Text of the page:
This study was carried out in a research facility because the client wanted to hear the feedback first hand, but it isn’t unusual for this stage of research to take place in users homes, as we did for an insurance comparison company ahead of redesign, or in clients offices or meetings rooms. The decision generally comes down to cost, availability to spend a couple of days out of the office, and location of users. Session videos are always provided (free of charge from us) so you are still able to see what happened even if you can’t attend.


Process design testing takes place ahead of any interactive medium being created to ensure the workflow and process steps support the desired user interactions. It involves users attending one-to-one qualitative research sessions and interacting with colour coded process cards created to represent each aspect of the process or journey.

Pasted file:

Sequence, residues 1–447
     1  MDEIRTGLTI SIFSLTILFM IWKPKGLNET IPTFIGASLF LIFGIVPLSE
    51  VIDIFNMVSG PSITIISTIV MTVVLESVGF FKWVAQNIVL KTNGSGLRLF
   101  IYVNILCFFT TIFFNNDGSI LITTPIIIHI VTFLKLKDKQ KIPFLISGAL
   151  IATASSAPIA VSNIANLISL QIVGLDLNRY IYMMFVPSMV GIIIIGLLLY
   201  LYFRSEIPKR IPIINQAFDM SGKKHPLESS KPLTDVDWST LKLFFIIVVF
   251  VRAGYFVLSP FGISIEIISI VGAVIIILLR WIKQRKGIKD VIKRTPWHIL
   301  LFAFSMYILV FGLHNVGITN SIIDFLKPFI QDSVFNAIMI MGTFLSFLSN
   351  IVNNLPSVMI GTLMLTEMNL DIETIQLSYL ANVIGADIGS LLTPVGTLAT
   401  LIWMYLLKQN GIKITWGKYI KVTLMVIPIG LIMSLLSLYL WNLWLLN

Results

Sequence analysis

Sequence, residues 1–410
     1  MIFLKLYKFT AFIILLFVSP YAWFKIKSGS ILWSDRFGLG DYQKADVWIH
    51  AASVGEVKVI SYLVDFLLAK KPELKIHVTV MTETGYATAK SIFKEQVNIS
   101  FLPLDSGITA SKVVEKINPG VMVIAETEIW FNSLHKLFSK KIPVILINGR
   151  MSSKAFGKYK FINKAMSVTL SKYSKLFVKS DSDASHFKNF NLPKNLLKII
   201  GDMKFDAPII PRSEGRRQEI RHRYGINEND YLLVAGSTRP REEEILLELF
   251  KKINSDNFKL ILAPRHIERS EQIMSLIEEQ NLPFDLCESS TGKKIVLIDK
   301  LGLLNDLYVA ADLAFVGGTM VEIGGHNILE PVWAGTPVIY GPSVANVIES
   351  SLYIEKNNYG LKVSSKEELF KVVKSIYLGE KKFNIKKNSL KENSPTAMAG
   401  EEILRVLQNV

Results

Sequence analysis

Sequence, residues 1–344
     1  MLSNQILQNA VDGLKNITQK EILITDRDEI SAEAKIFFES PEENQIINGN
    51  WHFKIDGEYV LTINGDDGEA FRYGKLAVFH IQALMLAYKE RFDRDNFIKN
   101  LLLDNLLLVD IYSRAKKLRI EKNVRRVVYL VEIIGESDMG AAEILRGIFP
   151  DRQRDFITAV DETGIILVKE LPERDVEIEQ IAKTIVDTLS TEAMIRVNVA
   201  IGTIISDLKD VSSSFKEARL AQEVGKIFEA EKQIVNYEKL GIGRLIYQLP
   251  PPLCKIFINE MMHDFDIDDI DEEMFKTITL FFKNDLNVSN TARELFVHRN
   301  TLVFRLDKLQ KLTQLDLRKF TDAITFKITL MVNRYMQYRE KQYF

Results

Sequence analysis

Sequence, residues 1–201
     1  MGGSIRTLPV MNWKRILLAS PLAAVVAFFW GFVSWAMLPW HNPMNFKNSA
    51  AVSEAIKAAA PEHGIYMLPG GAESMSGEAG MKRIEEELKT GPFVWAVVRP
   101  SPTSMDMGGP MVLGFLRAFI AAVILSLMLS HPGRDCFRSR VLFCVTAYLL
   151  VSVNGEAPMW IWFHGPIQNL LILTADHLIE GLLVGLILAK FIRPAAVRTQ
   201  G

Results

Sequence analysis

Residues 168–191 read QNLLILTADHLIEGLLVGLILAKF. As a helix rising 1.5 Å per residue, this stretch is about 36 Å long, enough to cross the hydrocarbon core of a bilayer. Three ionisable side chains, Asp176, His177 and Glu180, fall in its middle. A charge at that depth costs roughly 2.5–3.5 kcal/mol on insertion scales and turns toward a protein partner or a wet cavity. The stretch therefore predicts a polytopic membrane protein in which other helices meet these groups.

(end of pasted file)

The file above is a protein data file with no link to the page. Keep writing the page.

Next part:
Preparing for Research

The approach to process testing is very similar to that used for usability testing with the core elements present:

  • The test assets
  • The participants
  • The location of the research
  • The preparation, moderation, analysis and reporting.

The biggest differences with process testing is that the test assets have to be created and the reporting is normally in the form of revised process designs.

Process designs can be delivered to us as user journey maps, use case workflows, process flow diagrams and more. These assets explain how the process will work, the possible interactions, error paths, alternative flows, success criteria and more. But, they cannot be placed in front of users in this form as they will simply confuse them.


The approach we take is to develop colour coded process cards that represent different attributes in the process.